How appropriate that And Also The Trees should find themselves playing the Parkbühne stage, set as it is in its leafy parkland surroundings. It's almost conceptual: And Also The Trees, and also the trees, if you will. The rain is still falling, which means I have to duck and dive to glimpse the band through a barrier of brollies, but in a way the grey day and the rain suits the serious, purposeful style of And Also The Trees' music. They play a very English folk-influenced rock, and note that I say folk-influenced rock, rather than plain old folk-rock. There's nary a jaunty fiddle or surplus hey-ho-nonny-no in this stuff. Instead, it's as if Nick Cave had grown up obsessed with traditional English music rather than the sunburnt strangeness of the American south. The songs are murky narratives, delivered by a singer in the slightly frayed garb of a nineteenth-century gentleman who's fallen on hard times. It's as if the scion of the manor, his fortune dissipated, had decided to set out to seek his fortune in the dark satanic mills of the industrial revolution - and hey, he's brought his band along, too. It's a quirky approach, to be sure, which doesn't have an awful lot to do with the usual stylings of rock 'n' roll, but it works. The crowd are convinced and cheering from the very first number - and so am I. One final oddity: I recall that And Also The Trees have been at pains to maintain over the years that they're not a goth band. They've always been politely insistent on this point, rather than doing a full-scale Eldritch, but nevertheless the point has been made. And yet, here they are, playing a festival with the G-word in its title, in front of a black-clad audience in Bauhaus T-shirts, and seeming entirely at home. You know what they say, gentlemen - if it walks like a duck, and quacks like a duck...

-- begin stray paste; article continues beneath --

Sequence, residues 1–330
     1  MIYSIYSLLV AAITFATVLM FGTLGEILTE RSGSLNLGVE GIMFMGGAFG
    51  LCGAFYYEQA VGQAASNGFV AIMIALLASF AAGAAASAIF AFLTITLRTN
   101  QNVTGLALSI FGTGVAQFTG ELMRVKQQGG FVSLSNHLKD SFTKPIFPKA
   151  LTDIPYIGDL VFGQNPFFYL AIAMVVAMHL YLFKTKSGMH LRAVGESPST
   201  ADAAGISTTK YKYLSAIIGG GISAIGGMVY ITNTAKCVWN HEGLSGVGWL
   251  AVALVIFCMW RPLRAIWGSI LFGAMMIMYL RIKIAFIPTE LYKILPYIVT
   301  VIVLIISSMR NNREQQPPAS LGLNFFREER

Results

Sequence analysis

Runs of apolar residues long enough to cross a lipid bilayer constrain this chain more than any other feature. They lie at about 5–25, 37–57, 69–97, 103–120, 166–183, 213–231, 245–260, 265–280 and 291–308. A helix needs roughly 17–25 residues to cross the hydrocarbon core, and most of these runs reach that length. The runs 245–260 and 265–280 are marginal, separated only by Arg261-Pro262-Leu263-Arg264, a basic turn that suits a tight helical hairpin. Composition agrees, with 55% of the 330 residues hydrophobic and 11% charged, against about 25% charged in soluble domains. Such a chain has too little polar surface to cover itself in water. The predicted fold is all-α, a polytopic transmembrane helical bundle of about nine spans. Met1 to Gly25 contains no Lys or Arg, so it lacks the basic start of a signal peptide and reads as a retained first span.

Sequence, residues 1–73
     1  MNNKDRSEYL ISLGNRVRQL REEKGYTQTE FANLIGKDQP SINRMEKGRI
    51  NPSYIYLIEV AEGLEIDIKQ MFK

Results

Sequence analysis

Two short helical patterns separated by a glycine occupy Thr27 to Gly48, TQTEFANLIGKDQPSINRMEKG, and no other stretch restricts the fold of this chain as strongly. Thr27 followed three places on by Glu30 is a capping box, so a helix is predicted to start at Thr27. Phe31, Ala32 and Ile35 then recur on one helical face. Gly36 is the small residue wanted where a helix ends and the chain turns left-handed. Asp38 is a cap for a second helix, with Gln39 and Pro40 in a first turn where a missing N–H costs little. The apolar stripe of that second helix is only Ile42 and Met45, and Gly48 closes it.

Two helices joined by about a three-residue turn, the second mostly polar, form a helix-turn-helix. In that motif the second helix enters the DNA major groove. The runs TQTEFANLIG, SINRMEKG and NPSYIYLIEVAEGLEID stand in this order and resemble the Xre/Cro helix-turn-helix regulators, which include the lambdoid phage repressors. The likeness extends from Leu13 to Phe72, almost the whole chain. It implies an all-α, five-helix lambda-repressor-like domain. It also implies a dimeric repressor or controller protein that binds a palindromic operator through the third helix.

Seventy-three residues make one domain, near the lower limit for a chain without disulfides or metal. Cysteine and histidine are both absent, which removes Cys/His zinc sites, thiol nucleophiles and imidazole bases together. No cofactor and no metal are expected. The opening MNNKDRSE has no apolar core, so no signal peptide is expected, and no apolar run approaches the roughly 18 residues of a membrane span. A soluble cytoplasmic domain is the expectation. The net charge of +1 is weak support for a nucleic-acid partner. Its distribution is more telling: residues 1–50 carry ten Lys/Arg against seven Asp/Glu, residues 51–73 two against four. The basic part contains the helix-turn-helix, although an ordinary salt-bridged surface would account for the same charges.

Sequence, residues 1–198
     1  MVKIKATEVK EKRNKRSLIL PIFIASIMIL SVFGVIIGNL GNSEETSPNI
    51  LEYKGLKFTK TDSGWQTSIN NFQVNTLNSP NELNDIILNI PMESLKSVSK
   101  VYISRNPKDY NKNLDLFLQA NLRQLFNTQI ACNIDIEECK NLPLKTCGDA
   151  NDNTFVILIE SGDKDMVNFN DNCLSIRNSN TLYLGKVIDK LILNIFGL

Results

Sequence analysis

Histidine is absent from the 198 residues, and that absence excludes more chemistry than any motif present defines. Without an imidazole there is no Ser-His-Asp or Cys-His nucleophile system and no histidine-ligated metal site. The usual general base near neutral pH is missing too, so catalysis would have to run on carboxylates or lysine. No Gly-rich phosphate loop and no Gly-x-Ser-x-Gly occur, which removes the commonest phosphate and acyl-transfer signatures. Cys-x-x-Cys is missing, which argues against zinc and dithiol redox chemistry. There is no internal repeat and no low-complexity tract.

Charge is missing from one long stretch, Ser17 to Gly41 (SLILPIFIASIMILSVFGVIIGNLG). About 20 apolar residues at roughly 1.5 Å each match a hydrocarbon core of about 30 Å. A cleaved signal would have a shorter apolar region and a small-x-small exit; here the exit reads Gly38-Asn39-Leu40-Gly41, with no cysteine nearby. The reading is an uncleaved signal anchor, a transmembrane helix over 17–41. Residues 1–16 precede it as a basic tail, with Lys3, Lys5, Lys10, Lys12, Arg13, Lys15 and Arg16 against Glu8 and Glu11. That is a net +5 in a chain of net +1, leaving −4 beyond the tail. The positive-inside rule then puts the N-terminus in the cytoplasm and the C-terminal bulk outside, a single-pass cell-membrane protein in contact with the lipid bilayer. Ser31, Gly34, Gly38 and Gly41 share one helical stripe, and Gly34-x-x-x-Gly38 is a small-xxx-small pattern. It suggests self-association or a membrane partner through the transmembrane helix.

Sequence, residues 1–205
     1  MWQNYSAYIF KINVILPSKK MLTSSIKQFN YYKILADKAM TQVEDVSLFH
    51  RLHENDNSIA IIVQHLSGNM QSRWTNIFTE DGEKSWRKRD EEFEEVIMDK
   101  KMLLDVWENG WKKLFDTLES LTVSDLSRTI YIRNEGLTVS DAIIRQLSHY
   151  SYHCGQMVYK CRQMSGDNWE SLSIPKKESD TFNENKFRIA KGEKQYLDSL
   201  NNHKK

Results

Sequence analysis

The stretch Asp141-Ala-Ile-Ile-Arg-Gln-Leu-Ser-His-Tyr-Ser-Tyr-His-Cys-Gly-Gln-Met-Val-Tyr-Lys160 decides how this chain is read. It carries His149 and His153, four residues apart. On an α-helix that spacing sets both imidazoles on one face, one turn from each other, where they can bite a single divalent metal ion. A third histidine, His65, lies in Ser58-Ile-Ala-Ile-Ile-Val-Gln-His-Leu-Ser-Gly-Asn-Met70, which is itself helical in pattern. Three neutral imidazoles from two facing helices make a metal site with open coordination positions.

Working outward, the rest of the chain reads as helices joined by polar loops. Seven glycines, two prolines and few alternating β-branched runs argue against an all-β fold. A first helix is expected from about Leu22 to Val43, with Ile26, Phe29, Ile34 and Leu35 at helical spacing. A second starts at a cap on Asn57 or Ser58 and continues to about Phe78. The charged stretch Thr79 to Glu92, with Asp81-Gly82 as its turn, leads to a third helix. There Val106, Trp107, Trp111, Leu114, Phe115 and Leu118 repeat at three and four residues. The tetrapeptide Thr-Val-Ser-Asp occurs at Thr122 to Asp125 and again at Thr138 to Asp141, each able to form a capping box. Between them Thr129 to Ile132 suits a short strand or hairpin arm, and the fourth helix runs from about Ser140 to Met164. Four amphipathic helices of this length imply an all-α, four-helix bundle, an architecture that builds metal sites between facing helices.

And now, here comes ASP, in full-on crazed carny mode, with a stage loaded with so many pyrotechnics I sincerely hope someone's got the fire brigade on standby. Herr ASP himself - the enigmatic central figure around whom the band revolves - looms spookily over the proceedings, and believe me it's no easy task to loom spookily at half-past five in the afternoon. The show ignites with the almost physical whumph of a match in a petrol can. Flames spew forth, and the guitars come tumbling after. It's a gleeful, shameless romp, a brash, broad-brush splurge of rock 'n' roll showmanship, with a soundtrack of muscular guitar riffs and thundering drums. Granted, at a normal gig, all this might seem pompous and silly, and I suspect if I saw ASP doing such an OTT show in a smaller venue all my punk rock hackles would rise - but here, in front of a rain-bedraggled festival crowd, this kind of craziness is just what we need. One point to note is that Matthias Ambre, ASP's musical director and all-round sound creator, is on guitar for this gig, which means we're getting the noise straight from the source, as it were. But it's Herr ASP himself who's the focal point, the eye of the roiling storm. Striding about the stage as fire erupts from all quarters, he harangues the audience in the roar of a mad scientist watching his life's work go up in flames. 'Sing Child' is a riot of audience participation, as a thousand voices join in on the chorus. But it's 'Ich Will Brennen' that really sets things alight, for it's a brakes-off punk-metal slam, as fast as a fire engine and twice as loud. At any multi-band event such as this, there always comes a point where things really kick off; there's always one band which grabs the day by the scruff of its neck and shakes a real show out of it. Today, that band is ASP.